Australia’s unemployment rate has jumped from 5.2 per cent to 6.2 per cent, despite the number of jobs falling by almost 600,000 in the last month.
The unemployment rate is now at its highest level since July 2015, however experts had been predicting it would hit 8 per cent in April.
The figures were collated between mid-March and mid-April, taking into account the massive shutdown of the Australian economy.
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Employment fell by 594,300, but the number of people classified as unemployed only increased by 104,500, with the Federal Government’s JobKeeper program masking the full impact.
The number of full-time jobs fell by 220,500 while part-time employment plummeted by 373,800.
Youth unemployment has also soared, jumping to 13.8 per cent.
The number of people looking for work fell sharply, with the participation rate falling 2.4 per cent to 63.5 per cent.
Underemployment has also soared to 13.7 per cent, up from 8.8 per cent while the total number of hours worked dropped by 9.2 per cent.
According to the ABS, around 2.7 million Australians either left their job or had their hours reduced.
Prime Minister Scott Morrison says it is a “very tough day” for Australia.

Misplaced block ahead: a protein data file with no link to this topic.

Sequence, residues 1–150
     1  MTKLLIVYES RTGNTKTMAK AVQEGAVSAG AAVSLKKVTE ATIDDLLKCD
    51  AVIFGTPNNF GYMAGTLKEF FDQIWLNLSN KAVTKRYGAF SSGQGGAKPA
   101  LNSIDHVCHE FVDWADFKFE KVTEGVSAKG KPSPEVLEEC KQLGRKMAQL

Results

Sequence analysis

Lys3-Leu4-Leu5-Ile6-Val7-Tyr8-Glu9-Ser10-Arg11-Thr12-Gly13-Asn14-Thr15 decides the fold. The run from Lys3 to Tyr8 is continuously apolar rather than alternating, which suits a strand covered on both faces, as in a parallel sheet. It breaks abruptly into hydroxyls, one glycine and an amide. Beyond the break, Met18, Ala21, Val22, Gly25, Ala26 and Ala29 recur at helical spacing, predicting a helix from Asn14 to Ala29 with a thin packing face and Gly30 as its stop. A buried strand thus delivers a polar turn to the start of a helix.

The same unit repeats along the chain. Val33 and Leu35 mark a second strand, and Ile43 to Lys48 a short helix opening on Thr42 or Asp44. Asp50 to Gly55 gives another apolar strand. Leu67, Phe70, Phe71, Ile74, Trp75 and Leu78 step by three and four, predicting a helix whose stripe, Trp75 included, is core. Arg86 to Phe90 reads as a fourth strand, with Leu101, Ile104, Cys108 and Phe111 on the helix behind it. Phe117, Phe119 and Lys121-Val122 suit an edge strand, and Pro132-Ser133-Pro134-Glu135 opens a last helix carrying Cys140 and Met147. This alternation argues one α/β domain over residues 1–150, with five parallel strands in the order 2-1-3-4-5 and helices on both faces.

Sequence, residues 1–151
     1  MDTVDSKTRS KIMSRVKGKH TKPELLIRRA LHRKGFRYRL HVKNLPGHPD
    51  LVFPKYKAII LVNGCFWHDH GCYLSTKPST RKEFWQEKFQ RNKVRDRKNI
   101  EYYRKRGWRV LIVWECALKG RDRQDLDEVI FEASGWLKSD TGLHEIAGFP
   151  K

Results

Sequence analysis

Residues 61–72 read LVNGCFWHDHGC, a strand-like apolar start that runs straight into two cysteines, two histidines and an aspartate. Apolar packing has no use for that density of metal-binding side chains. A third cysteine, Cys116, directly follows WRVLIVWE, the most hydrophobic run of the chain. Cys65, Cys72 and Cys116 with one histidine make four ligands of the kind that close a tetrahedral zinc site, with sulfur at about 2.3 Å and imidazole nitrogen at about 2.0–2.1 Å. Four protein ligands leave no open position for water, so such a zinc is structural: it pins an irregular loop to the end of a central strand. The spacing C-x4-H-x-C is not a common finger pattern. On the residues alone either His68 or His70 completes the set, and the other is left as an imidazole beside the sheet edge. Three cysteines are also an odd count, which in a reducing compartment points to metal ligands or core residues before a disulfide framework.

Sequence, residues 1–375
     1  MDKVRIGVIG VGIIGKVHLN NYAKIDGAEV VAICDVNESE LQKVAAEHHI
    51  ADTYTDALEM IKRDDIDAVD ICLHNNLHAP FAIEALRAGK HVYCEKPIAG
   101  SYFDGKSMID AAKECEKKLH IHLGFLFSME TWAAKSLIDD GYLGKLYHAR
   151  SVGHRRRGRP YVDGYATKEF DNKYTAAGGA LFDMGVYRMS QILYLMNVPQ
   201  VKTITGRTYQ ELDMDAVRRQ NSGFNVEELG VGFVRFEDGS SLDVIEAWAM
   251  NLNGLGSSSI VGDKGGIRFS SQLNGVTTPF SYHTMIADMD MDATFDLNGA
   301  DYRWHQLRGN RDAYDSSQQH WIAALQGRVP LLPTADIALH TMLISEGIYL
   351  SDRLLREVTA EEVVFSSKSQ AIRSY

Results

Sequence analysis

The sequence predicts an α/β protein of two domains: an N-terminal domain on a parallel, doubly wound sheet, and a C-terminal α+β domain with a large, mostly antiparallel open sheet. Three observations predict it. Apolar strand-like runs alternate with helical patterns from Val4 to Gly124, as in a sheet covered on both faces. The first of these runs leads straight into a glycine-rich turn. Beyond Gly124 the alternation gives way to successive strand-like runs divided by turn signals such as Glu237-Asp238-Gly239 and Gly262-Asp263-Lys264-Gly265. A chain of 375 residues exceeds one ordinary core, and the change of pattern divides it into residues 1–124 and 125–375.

“Almost 600,000 jobs have been lost, every one of them devastating for those Australians, for their families, for their communities. Terribly shocking, although not unanticipated,” Mr Morrison said.
“In the months ahead we can brace ourselves and must brace ourselves for further hard news for Australians to take, but it’s important on a day like today that we remember to support each other again, but also to seek to take part and to encourage each other in hope.
“Almost 600 thousand Australians losing work can disappoint that hope, it can break hearts but it is important as a country that we stand firm and we stand together.”
Mr Morrison says the JobKeeper program and increased JobSeeker payments is what is holding the country up.
The Government has also revealed that 6 million Australians are now being covered by the JobKeeper program, while 1.6 million people are receiving JobSeeker and Youth Allowance.
Tasmania saw the biggest jump in its unemployment rate, rising from 4.9 per cent to 6.2 per cent.
This was followed by Queensland which went from 5.7 per cent to 6.8 per cent, while the unemployment rate in New South Wales rose from 4.9 per cent to 6 per cent.
Employment in New South Wales fell by 221,400, while Queensland saw a drop of 129,600, followed by Victoria with a fall of 127,1000.